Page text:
Weston Braces for the Boom

Bird songs and the occasional barking dog set the tone in Weston, Tx these days, says writer Roy Appleton.

“For action there’s the rush of volunteer firefighters and the street-clogging July Fourth parade,” he wrote. “The way it is for now.”

“Big things are coming to this little bitty town,” said Mayor Patti Harrington, in a recent interview, standing outside City Hall with its sign of self esteem: Welcome to the Oldest Town in Collin County.

Big things, as in a proposed development that could bring more than 5,000 homes, many thousands of people and no doubt some stoplights to one of Collin County’s smallest towns, writes Appleton.

Developers, builders, and homeowners keep plowing north across the county, according to Appleton.

The Dallas North Tollway will someday stretch west of Weston, as will a freeway to the south, according to research.

Weston leaders have approved a developer’s plan to turn about 1,600 acres of rolling, creek-carved land into a mix of homes, schools, parks, and retail stores, stats show.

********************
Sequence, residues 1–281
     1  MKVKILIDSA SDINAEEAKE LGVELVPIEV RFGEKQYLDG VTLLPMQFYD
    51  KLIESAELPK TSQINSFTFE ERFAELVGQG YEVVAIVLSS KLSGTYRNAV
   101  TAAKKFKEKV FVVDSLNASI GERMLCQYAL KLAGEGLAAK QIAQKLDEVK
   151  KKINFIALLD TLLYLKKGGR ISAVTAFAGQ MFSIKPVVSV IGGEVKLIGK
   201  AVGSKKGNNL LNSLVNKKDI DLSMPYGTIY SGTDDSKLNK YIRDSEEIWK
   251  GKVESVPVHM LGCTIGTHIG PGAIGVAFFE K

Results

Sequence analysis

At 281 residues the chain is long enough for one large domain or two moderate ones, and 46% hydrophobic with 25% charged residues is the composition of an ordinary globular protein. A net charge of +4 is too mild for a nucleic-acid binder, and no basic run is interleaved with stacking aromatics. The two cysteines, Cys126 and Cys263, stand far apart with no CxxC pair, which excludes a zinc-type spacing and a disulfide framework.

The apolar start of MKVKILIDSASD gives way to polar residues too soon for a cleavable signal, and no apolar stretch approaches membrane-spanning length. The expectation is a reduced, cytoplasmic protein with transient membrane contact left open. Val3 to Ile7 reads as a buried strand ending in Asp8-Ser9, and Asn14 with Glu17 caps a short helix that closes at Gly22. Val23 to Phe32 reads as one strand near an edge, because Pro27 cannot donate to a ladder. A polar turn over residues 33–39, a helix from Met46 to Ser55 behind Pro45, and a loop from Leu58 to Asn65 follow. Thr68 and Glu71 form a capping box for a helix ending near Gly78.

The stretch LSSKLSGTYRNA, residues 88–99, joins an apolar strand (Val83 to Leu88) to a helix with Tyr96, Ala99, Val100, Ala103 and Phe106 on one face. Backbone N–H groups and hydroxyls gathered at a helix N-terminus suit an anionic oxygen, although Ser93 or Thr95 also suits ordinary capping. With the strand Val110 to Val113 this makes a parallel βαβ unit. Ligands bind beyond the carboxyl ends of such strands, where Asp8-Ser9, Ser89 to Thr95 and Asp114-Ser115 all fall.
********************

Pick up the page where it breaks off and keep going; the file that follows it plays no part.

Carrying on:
“It’s going to bring us out of the sticks,” said James Atkins, Weston’s fire marshal, in a recent article. “It’s going to wipe our little town out.”

Jake Jones, 14, scoots past a former post office building on Main Street in the town, home to about 700 people.

The scene has been changing here north of sprawling McKinney, less than an hour’s drive from downtown Dallas: homes rising on spacious tracts, thickening traffic, lights erasing the stars, according to the article.

“You don’t know everybody any more, and that’s not good,” Debbie Reyno, Weston postmaster and City Council member told Appleton.

Planners say they predict Weston will someday have about 140,000 people and cover 49 square miles, about seven times its current spread.

But in context with humble Weston, this first arrival’s potential impact is raising eyebrows, Appleton states.

“Even though I’ve been involved in the project for two years,” Harrington said.

It’s easy to imagine the area’s creeks, vistas, and rich soil attracting settlers, literature shows.

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